Combating Cervical Cancer in Kenya
Prevent cervical cancer and improve diagnosis and treatment.
Bristol-Myers Squibb Foundation
Some 10.3 million Kenyan women aged 15 and over are at risk for cervical cancer, with annual incidence projected to rise 75 per cent by 2025. Adolescent girls and young women with HIV infection are especially vulnerable, as cervical cancer progresses more rapidly in the presence of a weakened immune system. The prevalence of HIV infection, falling in most age cohorts, is actually rising in this group, creating an impending public health emergency.
For this project, CMMB has focused on:
- Training community health volunteers to integrate messages about the importance of vaccinating girls aged 10 to 14 against HPV, the virus that causes cervical cancer.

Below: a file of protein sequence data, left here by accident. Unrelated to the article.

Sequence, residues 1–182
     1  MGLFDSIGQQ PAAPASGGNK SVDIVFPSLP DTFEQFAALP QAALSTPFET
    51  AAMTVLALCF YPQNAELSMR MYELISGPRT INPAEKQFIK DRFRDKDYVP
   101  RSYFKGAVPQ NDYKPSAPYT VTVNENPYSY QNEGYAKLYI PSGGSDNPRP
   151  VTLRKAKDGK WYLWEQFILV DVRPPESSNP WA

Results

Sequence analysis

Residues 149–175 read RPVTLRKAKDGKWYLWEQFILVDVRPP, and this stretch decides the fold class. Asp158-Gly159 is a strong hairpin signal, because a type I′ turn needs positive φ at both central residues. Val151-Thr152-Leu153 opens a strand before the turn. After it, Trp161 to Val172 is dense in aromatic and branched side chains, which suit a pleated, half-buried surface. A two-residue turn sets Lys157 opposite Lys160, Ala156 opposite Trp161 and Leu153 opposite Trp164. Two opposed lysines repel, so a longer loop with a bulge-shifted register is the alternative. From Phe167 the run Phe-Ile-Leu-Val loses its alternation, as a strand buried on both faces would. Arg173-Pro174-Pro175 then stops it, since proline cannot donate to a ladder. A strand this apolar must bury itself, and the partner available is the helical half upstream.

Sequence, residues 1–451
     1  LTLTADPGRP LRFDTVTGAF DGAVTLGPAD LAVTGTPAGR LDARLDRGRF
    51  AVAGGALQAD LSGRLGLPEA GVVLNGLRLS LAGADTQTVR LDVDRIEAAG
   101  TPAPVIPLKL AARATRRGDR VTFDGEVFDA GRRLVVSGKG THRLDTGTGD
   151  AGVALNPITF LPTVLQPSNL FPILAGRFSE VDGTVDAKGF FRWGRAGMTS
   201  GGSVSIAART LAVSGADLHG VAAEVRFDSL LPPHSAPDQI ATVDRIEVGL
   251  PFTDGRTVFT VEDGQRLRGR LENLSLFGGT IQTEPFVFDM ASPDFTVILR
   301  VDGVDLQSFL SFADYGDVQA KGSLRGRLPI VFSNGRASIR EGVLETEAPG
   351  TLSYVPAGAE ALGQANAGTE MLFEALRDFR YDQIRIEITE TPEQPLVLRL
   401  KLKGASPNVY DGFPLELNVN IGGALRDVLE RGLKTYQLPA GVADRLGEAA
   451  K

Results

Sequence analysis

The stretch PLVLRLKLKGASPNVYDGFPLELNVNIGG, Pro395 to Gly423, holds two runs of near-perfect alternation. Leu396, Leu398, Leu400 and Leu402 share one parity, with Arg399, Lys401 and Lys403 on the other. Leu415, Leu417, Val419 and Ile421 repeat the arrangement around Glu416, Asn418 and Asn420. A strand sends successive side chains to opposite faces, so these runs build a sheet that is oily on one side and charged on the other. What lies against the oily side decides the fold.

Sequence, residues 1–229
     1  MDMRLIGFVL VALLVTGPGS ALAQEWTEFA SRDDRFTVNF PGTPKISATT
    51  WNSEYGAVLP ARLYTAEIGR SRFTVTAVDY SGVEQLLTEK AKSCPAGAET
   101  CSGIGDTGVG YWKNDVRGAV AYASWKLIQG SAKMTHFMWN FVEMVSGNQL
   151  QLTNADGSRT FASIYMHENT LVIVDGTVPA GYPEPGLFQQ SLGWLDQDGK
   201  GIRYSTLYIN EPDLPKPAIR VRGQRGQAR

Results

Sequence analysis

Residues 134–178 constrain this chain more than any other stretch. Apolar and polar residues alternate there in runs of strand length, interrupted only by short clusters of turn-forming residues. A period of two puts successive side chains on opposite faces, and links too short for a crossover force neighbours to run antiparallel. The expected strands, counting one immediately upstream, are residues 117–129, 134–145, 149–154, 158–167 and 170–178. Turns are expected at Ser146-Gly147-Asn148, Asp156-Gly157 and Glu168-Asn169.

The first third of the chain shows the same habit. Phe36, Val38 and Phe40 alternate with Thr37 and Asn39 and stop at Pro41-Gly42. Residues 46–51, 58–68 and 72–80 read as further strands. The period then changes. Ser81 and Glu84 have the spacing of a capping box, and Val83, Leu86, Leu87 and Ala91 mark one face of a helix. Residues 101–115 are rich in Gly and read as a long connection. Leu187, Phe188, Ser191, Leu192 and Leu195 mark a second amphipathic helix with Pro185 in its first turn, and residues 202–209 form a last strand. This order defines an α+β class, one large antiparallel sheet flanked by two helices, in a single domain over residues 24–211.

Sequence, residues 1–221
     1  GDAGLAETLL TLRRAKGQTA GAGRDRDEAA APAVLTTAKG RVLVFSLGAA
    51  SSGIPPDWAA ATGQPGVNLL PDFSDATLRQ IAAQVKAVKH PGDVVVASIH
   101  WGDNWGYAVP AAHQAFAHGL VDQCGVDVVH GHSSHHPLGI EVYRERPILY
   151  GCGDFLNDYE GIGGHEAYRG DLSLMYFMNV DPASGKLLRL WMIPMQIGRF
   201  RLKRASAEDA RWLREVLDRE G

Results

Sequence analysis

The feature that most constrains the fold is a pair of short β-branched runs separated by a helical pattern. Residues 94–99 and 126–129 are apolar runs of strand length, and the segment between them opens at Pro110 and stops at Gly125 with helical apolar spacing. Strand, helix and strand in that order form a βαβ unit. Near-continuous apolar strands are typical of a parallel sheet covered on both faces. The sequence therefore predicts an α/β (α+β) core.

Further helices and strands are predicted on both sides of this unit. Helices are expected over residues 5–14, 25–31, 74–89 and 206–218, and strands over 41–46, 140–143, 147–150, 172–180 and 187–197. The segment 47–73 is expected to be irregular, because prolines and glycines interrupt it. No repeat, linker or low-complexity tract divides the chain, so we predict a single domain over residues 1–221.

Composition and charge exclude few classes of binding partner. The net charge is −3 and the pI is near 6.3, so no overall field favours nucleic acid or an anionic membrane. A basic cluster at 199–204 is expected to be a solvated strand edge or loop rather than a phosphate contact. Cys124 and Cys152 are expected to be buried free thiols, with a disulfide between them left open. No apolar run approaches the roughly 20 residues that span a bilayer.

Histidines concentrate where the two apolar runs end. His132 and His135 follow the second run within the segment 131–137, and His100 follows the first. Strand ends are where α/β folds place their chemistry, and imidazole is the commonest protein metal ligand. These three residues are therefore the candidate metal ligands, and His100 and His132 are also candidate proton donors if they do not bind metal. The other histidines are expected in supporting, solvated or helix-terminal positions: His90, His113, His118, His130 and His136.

- Screening for cervical cancer.
- Screening women aged 30 and up for cervical cancer to enable early detection. In Kitui South Sub-County, CMMB has trained health professionals to perform cancer screening using the low-cost visual inspection with acetic acid (VIA) method and curative cryotherapy.
- Integrating the same messaging into health education and awareness campaigns in 34 health facilities and 80 schools to strengthen the referral process and ensure access to cancer care for the county’s poor and vulnerable women.